Victorian retail outlets – including supermarkets and convenience stores – will need to make costly adjustments to comply with a proposed retail display ban on cigarette packets.
Australian Retailers Association (ARA) executive director Russell Zimmerman said the proposed retail display ban on tobacco products will burden Victoria’s small retailers with a $182 million total economic cost in the first year.
"The total bill would be shared across 5000 convenience stores and 1000 grocery stores in Victoria that would each be liable for up to $10,000 to meet their obligations under the planned tobacco display laws.
"In an indicative regulatory cost analysis by Deloitte, it was also found that a Victorian retail display ban would result in recurring costs of $116 million. This translates into the average ‘mum and dad’ convenience store having to bear ongoing costs of up to $17,560 per year, due to deterioration in customer transaction and service times,” he said.
Under the proposed regulations, store owners can be fined or banned from selling tobacco products if cigarette packets are within the view of customers, which will result in a complete refit of current displays, as well as ongoing training, customer service and restocking issues.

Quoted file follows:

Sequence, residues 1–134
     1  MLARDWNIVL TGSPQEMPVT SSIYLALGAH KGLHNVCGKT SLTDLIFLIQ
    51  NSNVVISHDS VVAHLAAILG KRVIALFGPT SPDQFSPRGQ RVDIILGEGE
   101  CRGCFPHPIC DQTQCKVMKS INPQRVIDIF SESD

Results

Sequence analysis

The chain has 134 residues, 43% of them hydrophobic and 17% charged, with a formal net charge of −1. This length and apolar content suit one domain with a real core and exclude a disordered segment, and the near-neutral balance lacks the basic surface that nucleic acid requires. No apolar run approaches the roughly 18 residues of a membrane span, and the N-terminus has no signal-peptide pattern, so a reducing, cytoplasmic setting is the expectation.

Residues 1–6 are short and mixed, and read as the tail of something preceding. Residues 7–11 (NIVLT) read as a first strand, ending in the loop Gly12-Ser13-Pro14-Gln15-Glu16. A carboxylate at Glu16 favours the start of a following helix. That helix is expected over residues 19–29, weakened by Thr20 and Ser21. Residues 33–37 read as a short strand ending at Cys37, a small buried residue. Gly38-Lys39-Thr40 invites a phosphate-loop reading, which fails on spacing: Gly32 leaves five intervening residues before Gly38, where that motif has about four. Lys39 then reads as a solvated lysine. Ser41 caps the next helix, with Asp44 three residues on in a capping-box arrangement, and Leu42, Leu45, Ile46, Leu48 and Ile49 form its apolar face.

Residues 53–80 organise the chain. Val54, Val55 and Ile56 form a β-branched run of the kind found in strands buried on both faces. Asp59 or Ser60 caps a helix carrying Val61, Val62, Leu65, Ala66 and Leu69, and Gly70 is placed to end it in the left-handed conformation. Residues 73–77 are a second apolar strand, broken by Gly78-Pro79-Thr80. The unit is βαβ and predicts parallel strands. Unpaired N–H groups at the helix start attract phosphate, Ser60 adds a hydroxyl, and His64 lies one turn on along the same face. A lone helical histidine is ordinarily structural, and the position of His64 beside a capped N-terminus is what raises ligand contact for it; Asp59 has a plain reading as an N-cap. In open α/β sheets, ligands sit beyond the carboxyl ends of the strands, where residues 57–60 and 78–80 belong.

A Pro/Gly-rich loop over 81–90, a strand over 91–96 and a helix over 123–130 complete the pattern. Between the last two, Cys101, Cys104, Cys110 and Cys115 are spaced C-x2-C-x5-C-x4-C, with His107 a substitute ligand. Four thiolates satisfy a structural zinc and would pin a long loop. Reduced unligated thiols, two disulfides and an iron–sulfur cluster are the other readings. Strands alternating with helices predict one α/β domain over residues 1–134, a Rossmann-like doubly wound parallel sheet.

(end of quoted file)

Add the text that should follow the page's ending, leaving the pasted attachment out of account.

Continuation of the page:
"This is potentially a massive financial burden for small retailers to carry when we consider there is no international evidence that restricting the display of cigarettes actually reduces the uptake of smoking,” said Zimmerman.
“In fact, New Zealand has dismissed similar regulations based on the huge expense and lack of supporting evidence.
"While retailers fully appreciate the health dangers associated with smoking, the financial impact of these regulations is not a public health issue. The ARA’s concern is about an increased cost to retailers when they can least afford it.”